Stearman and FltPlan.com – a Perfect Match
My friend Jack Pelton, recently retired as chairman, president and CEO of Cessna, bought a Stearman that was based in the Boston area. Jack lives in Wichita. The mission was to ferry the old biplane trainer back to his home base on, of all places, Stearman Field that is on the northeast side of Wichita.
Jack has been a dedicated user of FltPlan.com for years and when I saw him last weekend before the big trip he had already used the aircraft profile section of FltPlan.com to enter the cruise, fuel flow and other data for the Stearman. I bet there aren’t many airplane profiles in FltPlan.com with 75 knot cruise speeds, or was that 75 mph?
But Jack wasn’t sure how he could use FltPlan.com to find potential fuel stops for such a slow airplane with such short legs. The answer, of course, is the “Quick Info” button at the top of the list of options on the left side of the FltPlan.com main menu page.
One of the many extremely useful features of Quick Info is fuel stop planning. To start a Quick Info briefing you enter your departure and ultimate destination. You see direct distance between the points, and the worst, best and average winds along the route for the date you are planning. If the flight is close, you also see forecast winds in addition to the historic winds.
Further down the Quick Info page is the intermediate fuel stop planning function. You select how long you want to fly to a fuel stop. FltPlan.com has used the most accurate available winds—either historic or current forecast—to convert flying time into distance. Select how long you want to fly, hit the “check for fuel stops button” and up pops a list of suitable airports located approximately that distance into your trip.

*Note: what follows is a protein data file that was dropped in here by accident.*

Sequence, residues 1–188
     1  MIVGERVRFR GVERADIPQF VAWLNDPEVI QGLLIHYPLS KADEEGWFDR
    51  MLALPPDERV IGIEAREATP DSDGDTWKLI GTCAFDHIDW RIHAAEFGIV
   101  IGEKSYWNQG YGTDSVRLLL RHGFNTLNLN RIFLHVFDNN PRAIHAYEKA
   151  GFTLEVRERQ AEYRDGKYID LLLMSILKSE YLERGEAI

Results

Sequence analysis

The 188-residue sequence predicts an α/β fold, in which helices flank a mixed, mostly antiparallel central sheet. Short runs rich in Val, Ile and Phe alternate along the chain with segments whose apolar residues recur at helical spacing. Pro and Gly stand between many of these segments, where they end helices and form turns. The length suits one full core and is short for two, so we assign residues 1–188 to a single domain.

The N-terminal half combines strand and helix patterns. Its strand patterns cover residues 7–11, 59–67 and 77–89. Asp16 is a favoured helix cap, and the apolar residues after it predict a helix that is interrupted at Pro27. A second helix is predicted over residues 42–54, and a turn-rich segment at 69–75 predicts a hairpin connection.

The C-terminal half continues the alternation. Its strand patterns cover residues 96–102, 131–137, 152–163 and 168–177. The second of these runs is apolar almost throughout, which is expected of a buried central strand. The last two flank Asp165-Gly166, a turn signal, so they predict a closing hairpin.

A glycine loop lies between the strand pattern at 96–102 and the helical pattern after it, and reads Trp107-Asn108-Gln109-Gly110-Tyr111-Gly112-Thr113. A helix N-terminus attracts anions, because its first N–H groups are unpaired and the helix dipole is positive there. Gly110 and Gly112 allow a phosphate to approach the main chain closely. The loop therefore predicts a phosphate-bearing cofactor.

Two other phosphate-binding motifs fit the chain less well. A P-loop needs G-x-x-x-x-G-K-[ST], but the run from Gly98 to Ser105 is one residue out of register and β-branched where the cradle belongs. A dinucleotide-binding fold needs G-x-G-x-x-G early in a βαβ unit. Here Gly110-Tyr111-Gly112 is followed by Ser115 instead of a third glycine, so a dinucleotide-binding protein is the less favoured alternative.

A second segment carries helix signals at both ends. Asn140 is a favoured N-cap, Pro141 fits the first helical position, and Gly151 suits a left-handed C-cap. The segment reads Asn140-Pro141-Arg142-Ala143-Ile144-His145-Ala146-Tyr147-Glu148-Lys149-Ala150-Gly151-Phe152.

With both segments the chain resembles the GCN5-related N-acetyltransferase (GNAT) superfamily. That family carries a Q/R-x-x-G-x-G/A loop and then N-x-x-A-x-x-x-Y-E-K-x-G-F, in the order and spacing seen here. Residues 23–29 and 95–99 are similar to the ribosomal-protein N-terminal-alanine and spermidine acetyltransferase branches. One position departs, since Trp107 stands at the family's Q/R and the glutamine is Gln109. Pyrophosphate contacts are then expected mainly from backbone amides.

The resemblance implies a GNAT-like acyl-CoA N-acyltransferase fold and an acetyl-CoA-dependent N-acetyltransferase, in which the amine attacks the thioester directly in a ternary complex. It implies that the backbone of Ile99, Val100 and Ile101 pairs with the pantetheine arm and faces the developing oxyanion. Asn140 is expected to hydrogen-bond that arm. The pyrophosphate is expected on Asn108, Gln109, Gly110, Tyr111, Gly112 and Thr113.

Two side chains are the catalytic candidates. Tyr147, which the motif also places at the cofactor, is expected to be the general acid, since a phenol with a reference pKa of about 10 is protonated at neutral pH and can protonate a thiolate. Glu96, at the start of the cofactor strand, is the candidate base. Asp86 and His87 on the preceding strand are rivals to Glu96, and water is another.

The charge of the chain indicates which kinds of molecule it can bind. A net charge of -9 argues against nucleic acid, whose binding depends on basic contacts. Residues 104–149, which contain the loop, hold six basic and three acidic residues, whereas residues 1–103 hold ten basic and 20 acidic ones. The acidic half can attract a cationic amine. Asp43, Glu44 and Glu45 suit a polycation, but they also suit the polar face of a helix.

The airport information for each potential fuel stop is complete with all of the details of runways, ATC information and so on. And if the FBOs on the field have entered the data, you can see fuel prices, too. These days the fuel price is an extremely important criteria for any pilot selecting a fuel stop so please, any FBO operator, keep your fuel prices up to date on FltPlan.com.
If you’re wondering, it took Jack 16 flying hours over a route of 1,273.3 nm to get the Stearman from Plymouth, Mass., to Stearman Field in Wichita. Total fuel burn was 181 gallons and eight quarts of oil went through the Continental radial engine. The trip required six legs over two days, all VFR, of course. Jack told me it was a “once in a lifetime experience.” I think once would be enough for me, too.